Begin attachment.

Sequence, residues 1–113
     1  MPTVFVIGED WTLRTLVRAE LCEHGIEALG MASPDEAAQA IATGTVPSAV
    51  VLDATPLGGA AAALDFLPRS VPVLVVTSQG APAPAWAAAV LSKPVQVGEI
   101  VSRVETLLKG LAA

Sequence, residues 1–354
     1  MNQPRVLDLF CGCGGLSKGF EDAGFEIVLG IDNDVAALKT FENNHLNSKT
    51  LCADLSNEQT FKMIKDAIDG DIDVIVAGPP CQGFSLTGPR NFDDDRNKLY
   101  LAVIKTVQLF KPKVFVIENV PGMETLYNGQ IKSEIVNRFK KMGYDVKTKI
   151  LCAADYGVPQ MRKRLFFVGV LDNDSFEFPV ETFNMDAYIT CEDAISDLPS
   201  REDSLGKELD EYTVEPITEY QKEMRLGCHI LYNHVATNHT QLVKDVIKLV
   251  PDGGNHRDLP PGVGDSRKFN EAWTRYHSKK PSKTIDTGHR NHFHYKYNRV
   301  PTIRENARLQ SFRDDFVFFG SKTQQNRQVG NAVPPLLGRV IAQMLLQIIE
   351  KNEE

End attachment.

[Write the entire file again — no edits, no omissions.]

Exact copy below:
Sequence, residues 1–113
     1  MPTVFVIGED WTLRTLVRAE LCEHGIEALG MASPDEAAQA IATGTVPSAV
    51  VLDATPLGGA AAALDFLPRS VPVLVVTSQG APAPAWAAAV LSKPVQVGEI
   101  VSRVETLLKG LAA

Sequence, residues 1–354
     1  MNQPRVLDLF CGCGGLSKGF EDAGFEIVLG IDNDVAALKT FENNHLNSKT
    51  LCADLSNEQT FKMIKDAIDG DIDVIVAGPP CQGFSLTGPR NFDDDRNKLY
   101  LAVIKTVQLF KPKVFVIENV PGMETLYNGQ IKSEIVNRFK KMGYDVKTKI
   151  LCAADYGVPQ MRKRLFFVGV LDNDSFEFPV ETFNMDAYIT CEDAISDLPS
   201  REDSLGKELD EYTVEPITEY QKEMRLGCHI LYNHVATNHT QLVKDVIKLV
   251  PDGGNHRDLP PGVGDSRKFN EAWTRYHSKK PSKTIDTGHR NHFHYKYNRV
   301  PTIRENARLQ SFRDDFVFFG SKTQQNRQVG NAVPPLLGRV IAQMLLQIIE
   351  KNEE